- We are preparing more young people for STEM Careers, with an executive budget investment of $20 million in FY 2015—growing to $50 million in the years ahead—to expand programs to help thousands of CUNY community college students earn their STEM degrees faster with additional tuition support, counseling, and even tutoring where needed.
- We continuously support ways to ensure NYC attracts top tier engineering talent through programs such as Tech Talent Draft, which has connected 4,500 students to over 150 NYC tech companies through events at 90 universities across the country and in NYC.
- We are developing the next generation of entrepreneurs through programs such as NYC GenerationTech, which provides mentorship and immersive “bootcamp” training for NYC public high school students, providing them with viable pathways to careers in technology.
- And, we recently launched the 5th iteration of NYC BigApps, a flagship program that has been emulated by cities across the globe. It now represents the most comprehensive platform for data sets with more civic and tech partners than ever before, including Facebook, eBay, Microsoft, Google, Razorfish, Pentagram and others. More than 700 members of the tech community attended our launch events last week to hear Mayor de Blasio’s BigApps challenge to use newly-released NYPD crash data to help eliminate traffic fatalities in New York City as a part of Vision Zero.
- We’re also reinventing our approach to workforce development so that NYC’s government facilities are more nimble and responsive to workforce training and forge real pipelines to our fastest-growing, good-paying sectors, like tech. And, the Mayor has said repeatedly that universal, affordable, high-speed broadband access for all New Yorkers is essential.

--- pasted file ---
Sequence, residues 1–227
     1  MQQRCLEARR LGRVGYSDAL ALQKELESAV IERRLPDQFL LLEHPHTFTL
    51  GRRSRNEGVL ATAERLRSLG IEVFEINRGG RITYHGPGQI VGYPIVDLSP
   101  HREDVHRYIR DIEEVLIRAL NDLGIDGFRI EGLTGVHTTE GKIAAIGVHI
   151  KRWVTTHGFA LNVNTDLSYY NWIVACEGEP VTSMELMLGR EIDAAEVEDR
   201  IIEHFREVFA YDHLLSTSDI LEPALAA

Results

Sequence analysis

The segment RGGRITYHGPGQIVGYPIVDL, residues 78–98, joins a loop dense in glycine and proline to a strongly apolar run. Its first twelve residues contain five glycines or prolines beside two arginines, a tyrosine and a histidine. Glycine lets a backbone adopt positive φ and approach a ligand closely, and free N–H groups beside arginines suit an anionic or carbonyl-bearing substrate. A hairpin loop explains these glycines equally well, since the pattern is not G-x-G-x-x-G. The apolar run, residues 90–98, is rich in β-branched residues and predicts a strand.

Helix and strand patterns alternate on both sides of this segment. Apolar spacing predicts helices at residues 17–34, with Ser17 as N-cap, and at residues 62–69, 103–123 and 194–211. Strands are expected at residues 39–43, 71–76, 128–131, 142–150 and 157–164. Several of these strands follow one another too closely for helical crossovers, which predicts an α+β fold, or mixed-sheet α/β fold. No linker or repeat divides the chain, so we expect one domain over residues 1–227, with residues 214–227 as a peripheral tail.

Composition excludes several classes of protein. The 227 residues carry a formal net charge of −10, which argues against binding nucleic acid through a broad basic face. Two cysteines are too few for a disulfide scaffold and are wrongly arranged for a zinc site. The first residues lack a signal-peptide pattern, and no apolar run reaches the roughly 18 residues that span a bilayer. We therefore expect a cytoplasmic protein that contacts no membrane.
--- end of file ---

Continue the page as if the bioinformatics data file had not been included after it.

- We issued a Request for Proposals for the creation of a robust, citywide network of Internet hotspots that will constitute one of the largest free Wi-Fi networks in the country, building off the success of our Wireless Corridor Challenge, which has brought free public WiFi to commercial districts across the five boroughs.
- We announced the next step in the historic launch of new .nyc domain, making the City of New York the first city in the country with a top-level domain.
- Our broadband initiatives have helped connect dozens of companies with thousands of workers to high-speed internet and we are improving transparency on current infrastructure by providing information on broadband choices in hundreds of buildings.
- We launched Tech for UPK—a diverse and growing group of leaders for New York City's technology, design, and academic community who have committed to provide pro-bono services and assistance to strengthen the implementation and contribute to long-term success of universal Pre-K in NYC.
- We launched the Urban Future Lab in Downtown Brooklyn, which is one of 15 City-sponsored incubators providing 170,000 square feet of affordable space currently supporting 700+ companies who employ over 1,100 jobs. Incubator companies have raised over $160M in private funding and over 150 of them have successfully graduated.
This administration understands that technology has played a vital role in reinventing our city's legacy industries and building new industries, along with creating jobs, diversifying our economy, empowering small businesses, and helping to build pathways to the middle class. I am one of dozens of people in this administration who wake up every morning optimistic about our partnership with the technology community and energized about the opportunity to build, support, grow, and foster all that makes New York City's tech ecosystem so special.
Todd, we appreciate your voice and share your dedication to making NYC a global tech capital. And we look forward to working with you in pursuit of this goal.
Oh, one more thing: You’ll never hear us call it “Silicon Alley.” It’s a whole lot bigger.
President, New York City Economic Development Corporation